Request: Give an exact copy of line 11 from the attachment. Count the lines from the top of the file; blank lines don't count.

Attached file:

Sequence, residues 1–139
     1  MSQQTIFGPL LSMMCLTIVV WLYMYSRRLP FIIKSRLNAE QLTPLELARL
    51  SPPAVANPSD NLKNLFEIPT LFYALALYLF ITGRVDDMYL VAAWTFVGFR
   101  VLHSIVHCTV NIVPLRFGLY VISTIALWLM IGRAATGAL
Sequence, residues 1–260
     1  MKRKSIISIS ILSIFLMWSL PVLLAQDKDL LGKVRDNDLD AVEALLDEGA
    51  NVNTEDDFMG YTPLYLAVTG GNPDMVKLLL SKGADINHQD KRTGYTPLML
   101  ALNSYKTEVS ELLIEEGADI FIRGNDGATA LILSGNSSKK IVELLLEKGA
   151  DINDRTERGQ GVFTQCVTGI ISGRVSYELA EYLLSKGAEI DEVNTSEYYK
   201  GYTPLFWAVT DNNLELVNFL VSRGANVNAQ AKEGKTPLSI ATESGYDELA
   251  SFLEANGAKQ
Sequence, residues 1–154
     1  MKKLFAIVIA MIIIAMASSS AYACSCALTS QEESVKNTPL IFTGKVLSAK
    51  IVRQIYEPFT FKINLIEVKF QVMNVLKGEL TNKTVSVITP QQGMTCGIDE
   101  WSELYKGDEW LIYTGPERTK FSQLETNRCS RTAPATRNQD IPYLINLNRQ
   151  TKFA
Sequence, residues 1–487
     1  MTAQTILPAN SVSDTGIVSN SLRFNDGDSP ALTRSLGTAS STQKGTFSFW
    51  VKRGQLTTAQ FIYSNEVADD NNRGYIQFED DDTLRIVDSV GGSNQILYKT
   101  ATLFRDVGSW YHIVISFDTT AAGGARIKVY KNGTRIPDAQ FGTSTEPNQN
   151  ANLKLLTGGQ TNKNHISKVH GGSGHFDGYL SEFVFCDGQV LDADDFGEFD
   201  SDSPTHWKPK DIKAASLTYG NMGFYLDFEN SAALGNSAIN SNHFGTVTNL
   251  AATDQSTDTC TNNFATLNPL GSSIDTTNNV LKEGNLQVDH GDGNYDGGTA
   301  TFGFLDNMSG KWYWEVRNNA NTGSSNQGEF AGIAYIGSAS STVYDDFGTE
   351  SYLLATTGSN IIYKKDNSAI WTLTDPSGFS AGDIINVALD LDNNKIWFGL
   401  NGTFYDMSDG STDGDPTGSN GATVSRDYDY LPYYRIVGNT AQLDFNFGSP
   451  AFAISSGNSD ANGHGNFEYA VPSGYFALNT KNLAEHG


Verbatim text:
   251  SFLEANGAKQ